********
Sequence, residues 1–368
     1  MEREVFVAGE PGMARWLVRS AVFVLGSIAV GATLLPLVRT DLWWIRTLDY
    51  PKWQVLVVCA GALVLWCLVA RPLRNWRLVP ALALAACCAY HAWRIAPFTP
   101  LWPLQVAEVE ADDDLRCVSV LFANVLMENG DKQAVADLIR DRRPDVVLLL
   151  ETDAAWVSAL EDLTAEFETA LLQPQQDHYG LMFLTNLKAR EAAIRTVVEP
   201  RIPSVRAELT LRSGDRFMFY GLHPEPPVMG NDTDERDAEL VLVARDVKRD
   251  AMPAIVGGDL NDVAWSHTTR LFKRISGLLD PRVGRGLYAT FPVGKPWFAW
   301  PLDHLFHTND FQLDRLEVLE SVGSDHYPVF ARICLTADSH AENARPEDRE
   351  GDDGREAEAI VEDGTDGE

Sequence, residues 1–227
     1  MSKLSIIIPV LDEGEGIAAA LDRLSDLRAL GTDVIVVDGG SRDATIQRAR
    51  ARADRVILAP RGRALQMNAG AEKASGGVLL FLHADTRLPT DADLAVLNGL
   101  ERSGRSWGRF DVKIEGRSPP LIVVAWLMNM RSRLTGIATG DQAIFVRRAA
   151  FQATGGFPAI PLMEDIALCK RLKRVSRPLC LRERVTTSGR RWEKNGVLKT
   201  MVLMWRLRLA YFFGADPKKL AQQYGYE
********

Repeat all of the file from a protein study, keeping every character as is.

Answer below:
Sequence, residues 1–368
     1  MEREVFVAGE PGMARWLVRS AVFVLGSIAV GATLLPLVRT DLWWIRTLDY
    51  PKWQVLVVCA GALVLWCLVA RPLRNWRLVP ALALAACCAY HAWRIAPFTP
   101  LWPLQVAEVE ADDDLRCVSV LFANVLMENG DKQAVADLIR DRRPDVVLLL
   151  ETDAAWVSAL EDLTAEFETA LLQPQQDHYG LMFLTNLKAR EAAIRTVVEP
   201  RIPSVRAELT LRSGDRFMFY GLHPEPPVMG NDTDERDAEL VLVARDVKRD
   251  AMPAIVGGDL NDVAWSHTTR LFKRISGLLD PRVGRGLYAT FPVGKPWFAW
   301  PLDHLFHTND FQLDRLEVLE SVGSDHYPVF ARICLTADSH AENARPEDRE
   351  GDDGREAEAI VEDGTDGE

Sequence, residues 1–227
     1  MSKLSIIIPV LDEGEGIAAA LDRLSDLRAL GTDVIVVDGG SRDATIQRAR
    51  ARADRVILAP RGRALQMNAG AEKASGGVLL FLHADTRLPT DADLAVLNGL
   101  ERSGRSWGRF DVKIEGRSPP LIVVAWLMNM RSRLTGIATG DQAIFVRRAA
   151  FQATGGFPAI PLMEDIALCK RLKRVSRPLC LRERVTTSGR RWEKNGVLKT
   201  MVLMWRLRLA YFFGADPKKL AQQYGYE